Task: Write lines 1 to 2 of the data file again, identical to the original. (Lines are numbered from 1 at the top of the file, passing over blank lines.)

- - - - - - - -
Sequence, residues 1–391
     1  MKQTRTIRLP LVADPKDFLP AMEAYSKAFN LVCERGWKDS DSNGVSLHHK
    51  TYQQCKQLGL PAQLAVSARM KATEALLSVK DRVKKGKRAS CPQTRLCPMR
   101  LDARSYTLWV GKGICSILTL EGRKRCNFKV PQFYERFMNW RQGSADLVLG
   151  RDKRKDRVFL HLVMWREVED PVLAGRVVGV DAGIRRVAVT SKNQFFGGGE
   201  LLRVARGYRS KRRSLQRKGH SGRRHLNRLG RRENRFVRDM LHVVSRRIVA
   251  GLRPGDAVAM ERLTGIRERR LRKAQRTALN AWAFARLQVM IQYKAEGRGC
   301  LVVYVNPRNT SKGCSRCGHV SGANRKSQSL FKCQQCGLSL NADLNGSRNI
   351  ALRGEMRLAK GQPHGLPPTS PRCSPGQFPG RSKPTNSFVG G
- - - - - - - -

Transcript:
Sequence, residues 1–391
     1  MKQTRTIRLP LVADPKDFLP AMEAYSKAFN LVCERGWKDS DSNGVSLHHK